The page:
Do you think they're exploiting people?
Yes, I think they're exploiting people in need. There are a few addicts I’ve worked with who have been able to maintain an income, but the vast majority of opioid addicts, by the time they seek treatment, have lost everything. Family support, jobs, cash, insurance policies, watches and jewelry—it's all gone. Then they come in and we tell them they need about $700 a month for a prescription. Where do people who have lost everything get that kind of money? Even with the competition of generic drugs, prices are going up. These corporations know the population they are marketing to, and I think they could afford to sell these medications for less. It’s too bad, in my mind, that the board of directors at Reckitt don’t say, "You know what, this is a population that really needs help, and it would be a great social value, so we ought to price this just above cost."
What do you make of the war on drugs and decriminalization?
The war on drugs has focused on trying to prevent importation. We need to help the end users who are buying it. If we spent money on treatment, I think the problem with drugs in general would probably dry up. I think the money should go toward helping the user.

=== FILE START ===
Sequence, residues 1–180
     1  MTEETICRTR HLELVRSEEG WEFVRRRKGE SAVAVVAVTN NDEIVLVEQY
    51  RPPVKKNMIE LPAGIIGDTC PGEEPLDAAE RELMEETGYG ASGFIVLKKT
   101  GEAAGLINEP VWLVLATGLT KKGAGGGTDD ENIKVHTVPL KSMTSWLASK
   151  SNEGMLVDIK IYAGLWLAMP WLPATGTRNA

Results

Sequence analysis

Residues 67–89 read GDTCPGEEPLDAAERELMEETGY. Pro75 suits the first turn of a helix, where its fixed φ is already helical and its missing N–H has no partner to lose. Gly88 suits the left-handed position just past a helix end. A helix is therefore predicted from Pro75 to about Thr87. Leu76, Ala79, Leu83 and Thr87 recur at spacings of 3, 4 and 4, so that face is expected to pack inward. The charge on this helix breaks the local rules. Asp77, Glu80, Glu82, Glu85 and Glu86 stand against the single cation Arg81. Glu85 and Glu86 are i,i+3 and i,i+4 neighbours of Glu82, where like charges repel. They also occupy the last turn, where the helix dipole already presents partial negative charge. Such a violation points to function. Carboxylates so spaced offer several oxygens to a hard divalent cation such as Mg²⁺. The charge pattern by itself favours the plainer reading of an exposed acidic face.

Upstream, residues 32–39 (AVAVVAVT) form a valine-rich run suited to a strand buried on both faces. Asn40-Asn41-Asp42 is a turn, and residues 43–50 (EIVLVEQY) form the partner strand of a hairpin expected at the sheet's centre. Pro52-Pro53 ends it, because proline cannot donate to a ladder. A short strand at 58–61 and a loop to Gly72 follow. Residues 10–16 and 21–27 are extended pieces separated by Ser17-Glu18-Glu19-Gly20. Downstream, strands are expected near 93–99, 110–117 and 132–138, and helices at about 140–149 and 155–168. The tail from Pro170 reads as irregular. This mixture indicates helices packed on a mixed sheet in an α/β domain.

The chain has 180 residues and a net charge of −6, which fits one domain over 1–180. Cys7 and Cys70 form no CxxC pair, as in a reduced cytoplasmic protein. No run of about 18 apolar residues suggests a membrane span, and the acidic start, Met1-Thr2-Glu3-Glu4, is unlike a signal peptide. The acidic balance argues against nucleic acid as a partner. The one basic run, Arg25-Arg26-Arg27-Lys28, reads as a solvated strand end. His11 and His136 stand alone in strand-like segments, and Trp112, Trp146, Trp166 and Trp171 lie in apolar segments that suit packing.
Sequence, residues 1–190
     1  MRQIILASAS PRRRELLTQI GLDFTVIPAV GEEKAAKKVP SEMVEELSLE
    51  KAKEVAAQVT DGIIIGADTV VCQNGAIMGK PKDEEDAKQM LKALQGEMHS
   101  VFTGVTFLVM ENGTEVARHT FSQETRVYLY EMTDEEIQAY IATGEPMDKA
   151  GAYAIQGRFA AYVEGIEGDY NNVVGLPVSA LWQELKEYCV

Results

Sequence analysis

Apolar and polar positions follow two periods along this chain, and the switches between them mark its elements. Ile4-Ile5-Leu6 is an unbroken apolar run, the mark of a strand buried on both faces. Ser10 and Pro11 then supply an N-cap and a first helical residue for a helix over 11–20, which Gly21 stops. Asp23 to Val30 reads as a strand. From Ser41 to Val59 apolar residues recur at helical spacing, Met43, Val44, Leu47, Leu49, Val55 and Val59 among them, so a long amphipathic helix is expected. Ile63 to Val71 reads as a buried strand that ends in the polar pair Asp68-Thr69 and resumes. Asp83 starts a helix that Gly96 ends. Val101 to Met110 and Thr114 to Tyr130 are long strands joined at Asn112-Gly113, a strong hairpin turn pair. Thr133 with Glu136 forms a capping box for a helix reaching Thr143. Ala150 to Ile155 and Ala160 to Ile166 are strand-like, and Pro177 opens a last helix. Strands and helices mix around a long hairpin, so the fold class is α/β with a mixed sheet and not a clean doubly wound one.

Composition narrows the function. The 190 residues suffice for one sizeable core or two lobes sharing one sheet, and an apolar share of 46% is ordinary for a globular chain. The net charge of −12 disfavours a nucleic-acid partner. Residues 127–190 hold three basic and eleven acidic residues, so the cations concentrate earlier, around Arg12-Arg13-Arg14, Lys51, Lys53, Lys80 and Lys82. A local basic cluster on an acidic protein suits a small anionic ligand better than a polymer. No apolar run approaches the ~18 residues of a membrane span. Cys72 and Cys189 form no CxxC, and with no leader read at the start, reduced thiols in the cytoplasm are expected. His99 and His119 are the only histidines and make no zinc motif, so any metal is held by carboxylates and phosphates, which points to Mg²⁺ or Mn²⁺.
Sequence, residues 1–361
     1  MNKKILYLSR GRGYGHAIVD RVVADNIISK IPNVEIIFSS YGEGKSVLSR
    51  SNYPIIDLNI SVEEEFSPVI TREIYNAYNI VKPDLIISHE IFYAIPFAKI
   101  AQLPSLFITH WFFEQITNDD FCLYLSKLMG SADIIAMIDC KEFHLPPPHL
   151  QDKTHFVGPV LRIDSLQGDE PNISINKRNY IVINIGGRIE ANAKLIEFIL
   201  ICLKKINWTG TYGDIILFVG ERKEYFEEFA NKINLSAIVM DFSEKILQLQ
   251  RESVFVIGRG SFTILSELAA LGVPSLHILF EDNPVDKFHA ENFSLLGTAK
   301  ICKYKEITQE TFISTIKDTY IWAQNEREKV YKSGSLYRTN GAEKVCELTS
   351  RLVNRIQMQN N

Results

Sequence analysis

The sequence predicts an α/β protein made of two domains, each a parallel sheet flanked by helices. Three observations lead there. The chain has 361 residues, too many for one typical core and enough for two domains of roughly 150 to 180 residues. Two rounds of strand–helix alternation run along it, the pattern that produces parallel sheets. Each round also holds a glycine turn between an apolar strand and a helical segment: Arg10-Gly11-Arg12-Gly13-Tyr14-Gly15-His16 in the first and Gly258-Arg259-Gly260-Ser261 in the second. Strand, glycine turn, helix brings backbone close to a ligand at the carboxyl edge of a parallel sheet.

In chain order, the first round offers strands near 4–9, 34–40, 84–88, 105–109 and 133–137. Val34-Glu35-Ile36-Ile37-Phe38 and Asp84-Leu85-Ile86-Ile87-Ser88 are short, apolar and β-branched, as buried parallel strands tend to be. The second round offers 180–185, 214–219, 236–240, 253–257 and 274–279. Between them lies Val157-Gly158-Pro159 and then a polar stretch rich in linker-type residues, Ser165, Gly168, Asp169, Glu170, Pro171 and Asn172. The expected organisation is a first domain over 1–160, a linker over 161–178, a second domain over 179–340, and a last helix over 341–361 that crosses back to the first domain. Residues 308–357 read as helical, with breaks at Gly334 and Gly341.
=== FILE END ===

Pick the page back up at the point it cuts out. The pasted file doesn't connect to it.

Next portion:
And drug use should be decriminalized I think, but I’d like to see severe punishment for manufacturers and pushers. But end users, what are they gonna do? It's addiction. People have no choice but to keep using that drug until they can get some help. Treatment is where our money should go.
In addition to medical treatment, is there any one thing you feel really aids addicts in getting and staying clean?
Absolutely. The primary component to recovery is a spiritual connection of some sort; there needs to be some sort of spiritual awakening. In my experience, the first thing addicts turn their back on when they begin using is God, or a Higher Power. They generally view God—to use the term broadly—as being punitive and judgmental. Addicts feel guilt right from the beginning, so they turn their back on spiritual principles because of fear of judgment and consequence. But that’s the very thing that will provide them with continued strength as they enter recovery. It's some sort of connectedness—to their fellow man, to a Higher Power, to Nature. I think there is a spiritual component to connecting with something greater than oneself. In my opinion, the vast majority of addicts will do better with that kind of connection.
And I should point out, we need to realize that religion and spirituality don’t really have much in common. It has to come down to the individual having the connection. A religion is rather meaningless if you don’t need the support group. I usually make that clear to patients—that there’s a difference, but spirituality is a key component.
Do you feel you bring a spiritual component to your work?